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Publication numberUS7449124 B2
Publication typeGrant
Application numberUS 11/361,873
Publication dateNov 11, 2008
Filing dateFeb 24, 2006
Priority dateFeb 25, 2005
Fee statusPaid
Also published asUS20060191872
Publication number11361873, 361873, US 7449124 B2, US 7449124B2, US-B2-7449124, US7449124 B2, US7449124B2
InventorsRichard J. Webb, John C. Clark, Christopher J. Rueb, John J. Gagliardi
Original Assignee3M Innovative Properties Company
Export CitationBiBTeX, EndNote, RefMan
External Links: USPTO, USPTO Assignment, Espacenet
Method of polishing a wafer
US 7449124 B2
Abstract
A method for polishing a wafer comprising an aqueous solution having a pH in the range of 6 to 8, wherein the aqueous solution comprises at least one compound selected from the group consisting of a polymethacrylic acid, a polysulfonic acid, and combinations thereof, and wherein the compound is present in the range of 1.5 to 4 percent by weight of the aqueous solution. The wafer polishing solution can be adjusted to control cut rate and selectivity for modifying semiconductor wafers using a fixed abrasive CMP process.
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Claims(17)
1. A method for polishing a wafer comprising:
providing a wafer comprising a first region comprising silicon dioxide and a second region comprising silicon nitride;
contacting said wafer with a three-dimensional, textured, fixed abrasive article comprising a plurality of abrasive particles and a binder; and
relatively moving said wafer and said fixed abrasive, article in the presence of a aqueous solution having a pH in the range of 6 to 8, wherein the aqueous solution contains less than 0.1% by weight of inorganic particulates not associated with the fixed abrasive article, further wherein said aqueous solution comprises at least one compound selected the group consisting of a polymethacrylic acid, a polysulfonic acid, and combinations thereof and wherein said compound is present in the range of 1.5 to 4 percent by weight of said aqueous solution.
2. The method of claim 1 wherein said first compound is in the range of 2 to 3 percent by weight of said liquid medium.
3. The method of claim 1 wherein said working medium has a pH in the range of 6.5 to 7.5.
4. The method of claim 1 wherein said first region overlies said second region.
5. The method of claim 1 further comprising relatively moving said wafer and said fixed abrasive article until at least a portion of said second region is exposed.
6. The method of claim 1 wherein said polishing comprises a silicon dioxide to silicon nitride selectivity of at least 50.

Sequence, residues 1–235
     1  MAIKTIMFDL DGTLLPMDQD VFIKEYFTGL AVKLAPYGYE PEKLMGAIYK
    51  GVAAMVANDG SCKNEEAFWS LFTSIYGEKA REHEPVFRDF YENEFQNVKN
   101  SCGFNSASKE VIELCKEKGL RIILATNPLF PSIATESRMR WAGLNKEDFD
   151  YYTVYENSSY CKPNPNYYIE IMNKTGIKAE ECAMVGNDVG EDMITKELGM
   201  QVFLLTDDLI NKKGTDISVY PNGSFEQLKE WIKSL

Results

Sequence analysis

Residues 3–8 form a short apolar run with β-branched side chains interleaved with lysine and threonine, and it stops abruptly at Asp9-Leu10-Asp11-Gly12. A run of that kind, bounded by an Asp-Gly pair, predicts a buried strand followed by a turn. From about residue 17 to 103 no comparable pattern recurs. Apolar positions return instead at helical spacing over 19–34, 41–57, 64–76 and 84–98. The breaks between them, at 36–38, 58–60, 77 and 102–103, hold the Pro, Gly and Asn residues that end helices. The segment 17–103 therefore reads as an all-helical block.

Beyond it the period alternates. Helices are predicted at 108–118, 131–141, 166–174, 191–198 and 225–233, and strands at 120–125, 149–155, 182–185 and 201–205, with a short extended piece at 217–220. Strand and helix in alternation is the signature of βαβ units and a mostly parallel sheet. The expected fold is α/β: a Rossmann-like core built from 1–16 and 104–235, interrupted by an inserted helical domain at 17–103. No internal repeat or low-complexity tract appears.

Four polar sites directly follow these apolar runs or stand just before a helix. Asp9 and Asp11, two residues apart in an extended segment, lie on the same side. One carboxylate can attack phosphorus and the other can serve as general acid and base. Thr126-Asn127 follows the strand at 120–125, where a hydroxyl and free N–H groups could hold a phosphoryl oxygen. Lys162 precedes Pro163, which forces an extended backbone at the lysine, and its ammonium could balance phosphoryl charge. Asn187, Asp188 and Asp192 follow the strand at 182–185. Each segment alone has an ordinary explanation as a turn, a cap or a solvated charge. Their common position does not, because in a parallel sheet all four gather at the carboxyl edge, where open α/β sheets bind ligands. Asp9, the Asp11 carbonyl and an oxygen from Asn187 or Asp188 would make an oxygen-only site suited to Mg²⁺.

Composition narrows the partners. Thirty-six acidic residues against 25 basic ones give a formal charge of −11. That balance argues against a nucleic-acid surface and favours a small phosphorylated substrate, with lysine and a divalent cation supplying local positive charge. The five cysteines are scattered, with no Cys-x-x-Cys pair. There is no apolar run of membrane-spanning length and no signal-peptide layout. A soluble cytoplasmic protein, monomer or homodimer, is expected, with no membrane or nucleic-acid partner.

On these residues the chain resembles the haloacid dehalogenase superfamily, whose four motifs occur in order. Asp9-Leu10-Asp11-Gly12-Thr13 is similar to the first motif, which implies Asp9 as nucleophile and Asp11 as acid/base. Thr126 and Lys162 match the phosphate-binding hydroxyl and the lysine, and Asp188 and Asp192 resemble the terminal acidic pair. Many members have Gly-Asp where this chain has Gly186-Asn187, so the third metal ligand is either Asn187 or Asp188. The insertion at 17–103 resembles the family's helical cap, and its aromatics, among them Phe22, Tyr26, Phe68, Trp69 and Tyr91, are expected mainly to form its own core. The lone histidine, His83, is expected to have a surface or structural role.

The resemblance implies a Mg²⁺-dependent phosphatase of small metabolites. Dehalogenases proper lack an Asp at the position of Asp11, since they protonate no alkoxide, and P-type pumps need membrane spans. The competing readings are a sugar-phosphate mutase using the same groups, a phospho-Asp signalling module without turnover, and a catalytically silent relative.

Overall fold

7. The method of claim 1 wherein said polishing comprises a silicon dioxide to silicon nitride selectivity of at least 100.
8. The method of claim 1 further comprising selecting said working medium to control at least one of silicon nitride removal rate and silicon dioxide to silicon nitride selectivity.
9. The method of claim 1 wherein said abrasive particles comprise ceria.
10. The method of claim 1 wherein said three-dimensional, textured, fixed abrasive article comprises precisely shaped abrasive composites.
11. The method of claim 1 wherein said working medium further comprises an amino acid.
12. The method of claim 1 wherein said aqueous solution is substantially free of loose abrasive particles.
13. The method of claim 1 wherein said polishing comprises a silicon dioxide removal rate of at least 800 angstroms per minute.
14. The method of claim 1 wherein said polishing comprises a silicon dioxide removal rate of at least 1,000 angstroms per minute.
15. The method of claim 1 wherein said polishing comprises a silicon dioxide removal rate of at least 1,500 angstroms per minute.
16. The method of claim 1 wherein said aqueous solution comprises polymethacrylic acid.
17. The method of claim 1 wherein said aqueous solution comprises polysulfonic acid.
Description
RELATED APPLICATIONS

This application claims priority from provisional application Ser. No. 60/656,517 entitled “WAFER PLANARIZATION COMPOSITION AND METHOD OF USE,” filed Feb. 25, 2005.

FIELD OF INVENTION

The present invention relates generally to a composition for modifying an exposed surface of a semiconductor wafer. More particularly, the present invention relates to a composition that can be adjusted to control cut rate and selectivity for modifying semiconductor wafers using a fixed abrasive chemical-mechanical planarization process.